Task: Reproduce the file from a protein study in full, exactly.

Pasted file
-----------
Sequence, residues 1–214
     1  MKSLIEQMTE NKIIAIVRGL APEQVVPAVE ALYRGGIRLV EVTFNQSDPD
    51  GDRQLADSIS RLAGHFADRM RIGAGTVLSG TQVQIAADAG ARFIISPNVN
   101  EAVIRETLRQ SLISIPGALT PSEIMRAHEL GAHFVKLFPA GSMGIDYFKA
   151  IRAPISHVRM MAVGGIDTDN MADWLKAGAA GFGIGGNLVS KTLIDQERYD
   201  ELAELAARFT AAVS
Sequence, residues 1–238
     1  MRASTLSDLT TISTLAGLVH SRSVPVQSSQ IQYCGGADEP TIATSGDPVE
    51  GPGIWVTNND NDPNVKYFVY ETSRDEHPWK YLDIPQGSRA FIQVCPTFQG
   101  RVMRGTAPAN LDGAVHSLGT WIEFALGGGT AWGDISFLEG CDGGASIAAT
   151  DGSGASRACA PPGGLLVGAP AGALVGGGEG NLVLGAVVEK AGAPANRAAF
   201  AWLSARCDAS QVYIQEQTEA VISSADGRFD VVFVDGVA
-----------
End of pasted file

Sequence, residues 1–214
     1  MKSLIEQMTE NKIIAIVRGL APEQVVPAVE ALYRGGIRLV EVTFNQSDPD
    51  GDRQLADSIS RLAGHFADRM RIGAGTVLSG TQVQIAADAG ARFIISPNVN
   101  EAVIRETLRQ SLISIPGALT PSEIMRAHEL GAHFVKLFPA GSMGIDYFKA
   151  IRAPISHVRM MAVGGIDTDN MADWLKAGAA GFGIGGNLVS KTLIDQERYD
   201  ELAELAARFT AAVS
Sequence, residues 1–238
     1  MRASTLSDLT TISTLAGLVH SRSVPVQSSQ IQYCGGADEP TIATSGDPVE
    51  GPGIWVTNND NDPNVKYFVY ETSRDEHPWK YLDIPQGSRA FIQVCPTFQG
   101  RVMRGTAPAN LDGAVHSLGT WIEFALGGGT AWGDISFLEG CDGGASIAAT
   151  DGSGASRACA PPGGLLVGAP AGALVGGGEG NLVLGAVVEK AGAPANRAAF
   201  AWLSARCDAS QVYIQEQTEA VISSADGRFD VVFVDGVA